Buyer's Guide: Joe Bonamassa
Since lighting the fuse of the blues boom, the reluctant superstar has barely stopped. Here’s a guide to his blues deluxe.
If the turn of the millennium seemed like an unlikely flashpoint for a blues boom, then Joe Bonamassa initially seemed an odd man to lead it.
While the hipster media fell for the spidery cool of Jack White and his lo-fi clatter, Bonamassa set out his stall: an ego-free blues scholar from upstate New York, whose idea of a supermodel was a ’59 Les Paul. Though technically impeccable, this scruffy, bulky, 12-bar merchant was a hard sell. “I honestly didn’t think anyone with the surname Bonamassa was ever gonna be famous,” producer Kevin Shirley recalls of his first impressions. “I remember sending him an email saying: ‘Joe, you look like a fucking slob.’”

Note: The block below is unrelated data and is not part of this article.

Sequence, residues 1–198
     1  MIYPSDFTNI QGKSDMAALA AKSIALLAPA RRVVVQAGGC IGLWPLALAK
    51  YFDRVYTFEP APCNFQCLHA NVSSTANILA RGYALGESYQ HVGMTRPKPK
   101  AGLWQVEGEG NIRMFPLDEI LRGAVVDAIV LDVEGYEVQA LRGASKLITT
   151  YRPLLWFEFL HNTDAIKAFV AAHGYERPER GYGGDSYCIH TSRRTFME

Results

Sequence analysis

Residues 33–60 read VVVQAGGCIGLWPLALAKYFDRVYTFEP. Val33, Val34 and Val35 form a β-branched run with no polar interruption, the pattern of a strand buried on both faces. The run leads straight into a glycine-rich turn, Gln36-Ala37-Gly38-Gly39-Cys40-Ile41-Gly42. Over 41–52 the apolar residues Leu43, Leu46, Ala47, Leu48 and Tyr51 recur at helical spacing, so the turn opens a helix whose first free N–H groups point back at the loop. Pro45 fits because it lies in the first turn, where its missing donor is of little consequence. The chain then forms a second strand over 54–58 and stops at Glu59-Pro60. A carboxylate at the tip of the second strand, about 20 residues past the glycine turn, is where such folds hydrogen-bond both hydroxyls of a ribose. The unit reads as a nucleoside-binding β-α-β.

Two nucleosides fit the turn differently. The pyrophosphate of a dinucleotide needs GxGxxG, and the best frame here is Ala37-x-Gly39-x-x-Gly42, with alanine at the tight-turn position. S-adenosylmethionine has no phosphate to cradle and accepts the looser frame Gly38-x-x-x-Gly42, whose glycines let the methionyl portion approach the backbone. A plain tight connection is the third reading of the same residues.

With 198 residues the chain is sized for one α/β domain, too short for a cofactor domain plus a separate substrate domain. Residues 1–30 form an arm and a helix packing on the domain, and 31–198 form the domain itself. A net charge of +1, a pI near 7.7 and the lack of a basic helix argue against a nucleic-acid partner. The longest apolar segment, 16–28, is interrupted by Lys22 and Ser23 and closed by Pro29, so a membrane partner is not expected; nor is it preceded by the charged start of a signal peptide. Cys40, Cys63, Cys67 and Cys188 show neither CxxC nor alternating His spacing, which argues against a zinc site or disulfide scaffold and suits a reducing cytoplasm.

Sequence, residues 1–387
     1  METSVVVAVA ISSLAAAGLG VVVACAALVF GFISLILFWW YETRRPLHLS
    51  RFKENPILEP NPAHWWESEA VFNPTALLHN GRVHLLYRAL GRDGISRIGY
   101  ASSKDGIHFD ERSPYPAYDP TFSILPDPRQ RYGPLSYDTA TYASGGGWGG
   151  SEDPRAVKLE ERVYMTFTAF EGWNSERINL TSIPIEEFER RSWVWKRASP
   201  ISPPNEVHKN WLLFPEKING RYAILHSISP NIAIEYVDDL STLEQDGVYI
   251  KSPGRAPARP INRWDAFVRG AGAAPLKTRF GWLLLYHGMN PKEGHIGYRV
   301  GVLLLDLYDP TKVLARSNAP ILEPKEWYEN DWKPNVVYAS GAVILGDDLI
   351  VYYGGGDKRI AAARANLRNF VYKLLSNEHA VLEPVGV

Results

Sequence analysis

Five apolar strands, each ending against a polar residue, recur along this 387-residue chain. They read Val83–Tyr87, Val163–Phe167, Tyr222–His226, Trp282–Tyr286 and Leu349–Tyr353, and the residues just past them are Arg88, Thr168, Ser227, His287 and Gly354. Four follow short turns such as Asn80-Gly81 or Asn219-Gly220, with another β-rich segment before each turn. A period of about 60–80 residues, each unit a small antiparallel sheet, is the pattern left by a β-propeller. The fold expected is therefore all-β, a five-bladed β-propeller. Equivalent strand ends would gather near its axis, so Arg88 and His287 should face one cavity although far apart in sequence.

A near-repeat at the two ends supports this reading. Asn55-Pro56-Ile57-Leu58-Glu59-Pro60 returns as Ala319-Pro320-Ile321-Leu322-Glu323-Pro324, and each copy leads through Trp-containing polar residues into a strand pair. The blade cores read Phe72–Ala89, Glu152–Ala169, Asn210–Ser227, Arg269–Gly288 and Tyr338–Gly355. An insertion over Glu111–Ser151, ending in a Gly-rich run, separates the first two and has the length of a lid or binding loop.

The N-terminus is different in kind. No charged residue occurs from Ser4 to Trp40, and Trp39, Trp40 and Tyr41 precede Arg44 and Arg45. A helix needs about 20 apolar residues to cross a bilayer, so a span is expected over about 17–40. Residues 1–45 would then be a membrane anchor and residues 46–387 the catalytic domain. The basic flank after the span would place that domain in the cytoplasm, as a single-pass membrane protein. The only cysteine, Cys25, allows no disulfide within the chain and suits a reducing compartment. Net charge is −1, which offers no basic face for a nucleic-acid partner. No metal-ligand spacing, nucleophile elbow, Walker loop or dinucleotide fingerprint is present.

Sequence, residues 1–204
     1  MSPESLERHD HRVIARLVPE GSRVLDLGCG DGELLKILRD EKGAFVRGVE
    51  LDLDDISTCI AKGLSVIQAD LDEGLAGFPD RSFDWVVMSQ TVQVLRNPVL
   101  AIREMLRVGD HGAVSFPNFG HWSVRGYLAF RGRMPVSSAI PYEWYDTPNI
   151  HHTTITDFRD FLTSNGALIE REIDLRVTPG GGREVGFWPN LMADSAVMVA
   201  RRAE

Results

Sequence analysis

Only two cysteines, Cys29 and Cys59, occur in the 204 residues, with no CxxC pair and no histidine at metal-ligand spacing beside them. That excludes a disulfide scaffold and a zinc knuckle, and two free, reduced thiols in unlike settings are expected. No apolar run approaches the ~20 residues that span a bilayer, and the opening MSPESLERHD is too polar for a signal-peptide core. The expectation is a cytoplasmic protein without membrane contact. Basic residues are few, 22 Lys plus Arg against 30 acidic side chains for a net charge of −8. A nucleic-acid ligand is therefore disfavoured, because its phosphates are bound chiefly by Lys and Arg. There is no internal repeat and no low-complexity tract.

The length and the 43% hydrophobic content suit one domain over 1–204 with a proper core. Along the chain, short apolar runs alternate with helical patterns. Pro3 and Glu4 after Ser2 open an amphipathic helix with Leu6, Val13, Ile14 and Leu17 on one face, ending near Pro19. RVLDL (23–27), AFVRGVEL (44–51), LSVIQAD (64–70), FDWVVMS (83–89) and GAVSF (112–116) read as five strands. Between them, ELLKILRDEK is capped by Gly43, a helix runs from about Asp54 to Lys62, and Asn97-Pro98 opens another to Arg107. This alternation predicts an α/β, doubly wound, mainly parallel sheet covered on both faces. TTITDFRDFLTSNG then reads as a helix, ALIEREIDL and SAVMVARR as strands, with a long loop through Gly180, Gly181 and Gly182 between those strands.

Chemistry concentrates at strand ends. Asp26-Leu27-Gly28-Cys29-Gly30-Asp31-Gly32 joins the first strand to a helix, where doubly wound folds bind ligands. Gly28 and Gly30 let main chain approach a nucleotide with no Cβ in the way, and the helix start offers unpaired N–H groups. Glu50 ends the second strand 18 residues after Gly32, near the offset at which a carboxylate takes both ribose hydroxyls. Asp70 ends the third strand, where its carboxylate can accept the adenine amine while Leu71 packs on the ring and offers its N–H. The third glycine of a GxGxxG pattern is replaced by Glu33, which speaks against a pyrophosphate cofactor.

It was the start of a beautiful relationship. When Shirley came aboard for 2006’s You & Me he drew a line in the sand, encouraging the guitarist to fire his band, shine his shoes and, critically, ditch the dead-eyed showboating to find his voice as a songwriter. “I thought if he wanted to be something different he’d have to bend the rules.”